off. [Response 2:] Airbrushing can make very good repairs.
Getting an airbrush and a small hobbyist compressor (like for painting
plastic models) works OK. A little practice and you can make extremely
good repairs. I do it all the time. The secret is getting the
build up in the chip even with the surrounding surface by several applications
of paint and wet sanding/polishing level.
Scratch Repair. [Tip from Steve Ringlee] It's getting cold out
here in subtropical Iowa, so I thought it opportune to do the last detailing
of the season and repair the paint scratches in my 944, the result of careless
nitwits in the supermarket parking lots. I had read somewhere about using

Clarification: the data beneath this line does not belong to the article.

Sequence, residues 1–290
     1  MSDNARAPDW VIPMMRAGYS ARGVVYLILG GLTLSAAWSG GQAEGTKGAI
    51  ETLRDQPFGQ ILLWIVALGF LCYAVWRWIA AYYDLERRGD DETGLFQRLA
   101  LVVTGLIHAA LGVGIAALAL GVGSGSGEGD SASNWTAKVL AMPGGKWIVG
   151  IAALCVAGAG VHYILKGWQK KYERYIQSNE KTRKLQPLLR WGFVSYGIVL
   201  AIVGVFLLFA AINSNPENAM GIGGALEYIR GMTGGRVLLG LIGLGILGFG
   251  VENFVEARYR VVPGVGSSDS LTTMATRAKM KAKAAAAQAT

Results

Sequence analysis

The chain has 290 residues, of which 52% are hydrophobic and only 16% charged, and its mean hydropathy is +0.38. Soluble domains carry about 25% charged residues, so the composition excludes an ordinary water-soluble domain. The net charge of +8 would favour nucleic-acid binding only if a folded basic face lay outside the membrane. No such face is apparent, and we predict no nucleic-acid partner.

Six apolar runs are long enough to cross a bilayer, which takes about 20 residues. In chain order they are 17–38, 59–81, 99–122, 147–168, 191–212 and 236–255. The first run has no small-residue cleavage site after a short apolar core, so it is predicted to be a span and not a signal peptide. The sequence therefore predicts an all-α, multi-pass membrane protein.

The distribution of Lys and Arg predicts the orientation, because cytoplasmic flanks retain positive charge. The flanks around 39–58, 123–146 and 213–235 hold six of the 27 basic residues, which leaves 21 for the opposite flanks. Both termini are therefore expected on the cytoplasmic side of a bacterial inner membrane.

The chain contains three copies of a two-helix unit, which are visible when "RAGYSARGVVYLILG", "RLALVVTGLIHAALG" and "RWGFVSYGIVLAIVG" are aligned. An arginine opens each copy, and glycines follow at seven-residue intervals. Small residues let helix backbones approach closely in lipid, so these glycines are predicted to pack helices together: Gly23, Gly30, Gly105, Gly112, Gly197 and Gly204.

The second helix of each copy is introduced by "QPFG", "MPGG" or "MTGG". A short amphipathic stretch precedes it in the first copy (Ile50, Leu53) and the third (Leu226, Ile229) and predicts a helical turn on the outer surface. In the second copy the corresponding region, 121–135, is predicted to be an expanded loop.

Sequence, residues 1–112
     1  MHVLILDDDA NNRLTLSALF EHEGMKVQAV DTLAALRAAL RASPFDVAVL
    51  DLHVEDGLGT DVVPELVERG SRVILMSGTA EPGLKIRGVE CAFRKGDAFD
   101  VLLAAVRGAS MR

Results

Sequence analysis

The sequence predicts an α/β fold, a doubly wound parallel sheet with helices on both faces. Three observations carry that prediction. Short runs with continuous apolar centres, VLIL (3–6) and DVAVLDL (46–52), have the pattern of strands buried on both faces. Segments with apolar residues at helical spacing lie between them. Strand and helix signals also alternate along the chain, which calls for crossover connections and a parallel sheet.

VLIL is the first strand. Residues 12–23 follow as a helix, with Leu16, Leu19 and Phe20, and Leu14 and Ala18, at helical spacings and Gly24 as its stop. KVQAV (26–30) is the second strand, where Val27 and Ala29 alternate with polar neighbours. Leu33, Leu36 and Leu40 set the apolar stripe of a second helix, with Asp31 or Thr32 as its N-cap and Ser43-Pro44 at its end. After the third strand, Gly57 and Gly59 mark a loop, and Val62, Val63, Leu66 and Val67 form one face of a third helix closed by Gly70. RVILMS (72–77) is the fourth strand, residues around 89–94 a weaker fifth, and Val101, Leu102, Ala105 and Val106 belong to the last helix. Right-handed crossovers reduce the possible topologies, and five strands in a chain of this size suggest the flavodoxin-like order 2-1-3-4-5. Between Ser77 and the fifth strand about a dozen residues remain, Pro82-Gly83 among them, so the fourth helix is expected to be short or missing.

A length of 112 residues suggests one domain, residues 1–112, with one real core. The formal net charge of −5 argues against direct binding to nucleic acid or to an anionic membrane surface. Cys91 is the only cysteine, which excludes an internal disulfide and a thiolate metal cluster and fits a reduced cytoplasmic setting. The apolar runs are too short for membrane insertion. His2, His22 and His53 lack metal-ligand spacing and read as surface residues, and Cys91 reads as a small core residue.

a hypodermic syringe to lay in a thin bead of paint right in the scratch.
After getting my flu shot I just asked the doc for the needle, explaining
that I needed it for my car. He was a little skeptical, but knowing me
to be the straight arrow I am he said "OK, you didn't get it from me" and
I was on my way.
The touchup paint from
Volvo is really for filling chips, so it has to be thinned with lacquer
thinner to work with this technique. I mixed a small quantity to a watery
consistency in a small bottle, then sucked it up into the needle. Make
sure you mix it well, else the metallic particles will settle out. Use
denatured alcohol to clean the paint of wax, silicones, etc. Then practice
on a hard surface to get the flow right: too much pressure on the syringe
and it comes out too quickly. Lay in a very small bead of paint right in
the crack with gentle pressure on the syringe.
My first attempt resulted
in too much paint in the crack, which I left on the car until it dried.
Then I used very fine auto wet sandpaper (more than 600 grit!) to sand